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Tom is away this week attending the Steering Committee of the Christian Peacemaker Teams. In his place we introduce the Rev. Leah Ennis, an RCA minister who serves at the North and Southampton Reformed Church in Churchville, Pennsylvania.
The word “Lent” comes from a root word meaning “lengthening,” like the lengthening hours of sunlight which will bring the long, warm days of summer. Normally during Lent we think of giving something up for 40 days as we approach Easter, so as to prepare spiritually before we celebrate Christ’s Resurrection. This year, perhaps more than any other Lent before it, I am finding myself being lengthened – stretched – just like the days that are rolling out before me. And what I’m giving up, is mostly what I thought I knew. What is lengthening and stretching me? Well, at the beginning of this year’s Lenten season I found myself in Israel-Palestine. Now there’s a place that could stretch anybody in any number of ways. It’s true. I was there on something of a peace-seeking conference called “Christ at the Check Point” at Bethlehem Bible College. I was also able to see and expirence many biblical sights by the leadership of Marlin and Sally Vis through “Light for the World” study tour.
…So there I was in Israel-Palestine, like so many before me, beginning a pilgrimage of sorts. Far outside my “comfort zone” in the middle of a modern-day “war zone”, seeking to learn about peace and reconciliation from real everyday peacemakers – both Palestinians and Israelis – who are pouring their lives out for others. These are the ones taking the road less traveled, risking their own security and even acceptance by their communities, all for the high calling of waging peace. These, my new and largely unsung heroes of deep compassion and understanding, would share their lives, homes and stories with us. Stories of brokenness, and put-back-together-ness, stories of pain and suffering, of radical forgiveness and overcoming all kinds of barriers to reach out and understand the “other” in their lives. All stories, ultimately, of conspiring for good in courageous, clever and creative ways.
As a disciple of Christ, along with other Chrstians, I was pushed to look beyond the polarity of being either pro-Palestinian or pro-Israeli towards envisioning a solution for both communities and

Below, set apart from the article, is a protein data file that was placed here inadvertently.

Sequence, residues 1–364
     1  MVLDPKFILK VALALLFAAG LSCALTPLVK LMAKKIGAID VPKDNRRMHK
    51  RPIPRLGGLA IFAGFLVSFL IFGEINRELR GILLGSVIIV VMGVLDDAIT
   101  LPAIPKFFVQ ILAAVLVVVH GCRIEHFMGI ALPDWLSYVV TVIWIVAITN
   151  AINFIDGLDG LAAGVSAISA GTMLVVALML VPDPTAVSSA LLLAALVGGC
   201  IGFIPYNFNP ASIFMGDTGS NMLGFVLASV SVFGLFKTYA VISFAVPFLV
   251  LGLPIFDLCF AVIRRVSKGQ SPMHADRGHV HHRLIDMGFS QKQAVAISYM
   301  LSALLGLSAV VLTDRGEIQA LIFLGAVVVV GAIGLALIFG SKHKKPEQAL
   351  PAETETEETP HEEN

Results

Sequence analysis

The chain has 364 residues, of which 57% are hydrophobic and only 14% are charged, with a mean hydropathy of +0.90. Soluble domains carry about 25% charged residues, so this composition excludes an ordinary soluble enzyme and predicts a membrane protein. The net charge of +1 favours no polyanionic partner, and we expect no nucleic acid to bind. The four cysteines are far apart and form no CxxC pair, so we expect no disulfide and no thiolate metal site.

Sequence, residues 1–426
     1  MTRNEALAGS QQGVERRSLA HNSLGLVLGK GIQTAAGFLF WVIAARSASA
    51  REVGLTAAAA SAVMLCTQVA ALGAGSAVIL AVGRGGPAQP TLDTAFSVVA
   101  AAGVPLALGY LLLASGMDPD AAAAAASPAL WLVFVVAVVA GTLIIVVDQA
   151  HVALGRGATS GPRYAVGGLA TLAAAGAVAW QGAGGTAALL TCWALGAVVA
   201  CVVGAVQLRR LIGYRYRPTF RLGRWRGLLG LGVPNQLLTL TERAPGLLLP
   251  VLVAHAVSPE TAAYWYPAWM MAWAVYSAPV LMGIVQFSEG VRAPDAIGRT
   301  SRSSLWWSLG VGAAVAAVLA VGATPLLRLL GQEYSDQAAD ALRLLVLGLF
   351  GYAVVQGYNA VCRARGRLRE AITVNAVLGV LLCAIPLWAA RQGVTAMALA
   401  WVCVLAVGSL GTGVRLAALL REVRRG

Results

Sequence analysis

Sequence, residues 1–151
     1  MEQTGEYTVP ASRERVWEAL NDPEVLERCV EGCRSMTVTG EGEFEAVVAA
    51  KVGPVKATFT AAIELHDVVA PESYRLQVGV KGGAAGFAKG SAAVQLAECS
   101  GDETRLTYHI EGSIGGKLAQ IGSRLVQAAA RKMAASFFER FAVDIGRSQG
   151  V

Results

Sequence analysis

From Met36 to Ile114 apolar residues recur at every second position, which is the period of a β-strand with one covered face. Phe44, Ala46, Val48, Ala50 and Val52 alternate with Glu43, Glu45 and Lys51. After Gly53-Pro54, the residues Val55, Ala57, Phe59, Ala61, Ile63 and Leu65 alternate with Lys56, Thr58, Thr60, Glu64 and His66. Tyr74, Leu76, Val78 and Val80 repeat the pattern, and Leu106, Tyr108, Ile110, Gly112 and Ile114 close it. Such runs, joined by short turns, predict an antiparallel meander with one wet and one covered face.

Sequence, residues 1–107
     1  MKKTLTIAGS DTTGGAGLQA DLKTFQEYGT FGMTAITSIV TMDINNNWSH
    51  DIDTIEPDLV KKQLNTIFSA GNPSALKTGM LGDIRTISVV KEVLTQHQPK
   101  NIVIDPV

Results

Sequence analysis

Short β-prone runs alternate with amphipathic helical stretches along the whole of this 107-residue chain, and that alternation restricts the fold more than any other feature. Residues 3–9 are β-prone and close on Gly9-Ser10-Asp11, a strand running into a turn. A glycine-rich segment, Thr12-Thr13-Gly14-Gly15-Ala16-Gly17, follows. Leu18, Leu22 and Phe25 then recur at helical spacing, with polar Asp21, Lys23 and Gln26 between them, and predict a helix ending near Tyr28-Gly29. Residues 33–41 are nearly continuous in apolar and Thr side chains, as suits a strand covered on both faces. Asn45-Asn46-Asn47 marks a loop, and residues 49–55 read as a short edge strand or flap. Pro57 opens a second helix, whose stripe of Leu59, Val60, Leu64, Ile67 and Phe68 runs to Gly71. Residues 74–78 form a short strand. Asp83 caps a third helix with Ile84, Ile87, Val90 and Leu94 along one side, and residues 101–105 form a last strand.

building on the prophetic traditions of each other. I am called to seek out the truth, look at it straight in the eyes, and take the courage to tell it.
Having had the opportunity to visit Palestinians in their homes in Refugee Camps and Israelis in their homes in Settlements, I was moved to tears by all of their stories of loss, survival, fear, anger. I realized how much they had in common– both Israel and Palestine have killed the ‘other’ and have been victims of loss themselves. (To be remphasize for clarity: this isn’t about “taking sides” or saying Palestine is good and Israel is bad. Rather, as followers of Jesus, we are invited to humanize both sides and partner together to create a shared future of forgiveness, equality, and human flourishing.)
How we, as Christians, see this issue reflects our theology and ultimately how we see Jesus. Jesus is in the business, if you will, of humanizing people – ALL people. In Jesus, the “land” is holy in Jerusalem, but also in the whole world. Every square inch of the cosmos is holy and it takes God’s holy people to join in God’s mission to reconcile all of it to God’s way of shalom or salaam. I don’t yet know what this experience will mean for my own future. I know that I will never be the same as I now have heard so many stories of loss, grief, fear, tragedy, but still a glimer of hope. I also realize that I’m invited to never forget the struggle for justice and peace. This, I suspect, will have profound implications for my home church’s call to just-peacemaking both in our neighborhoods and in Israel/Palestine.
To read more about the conference Rev. Ennis attended you may like to read this aritcle.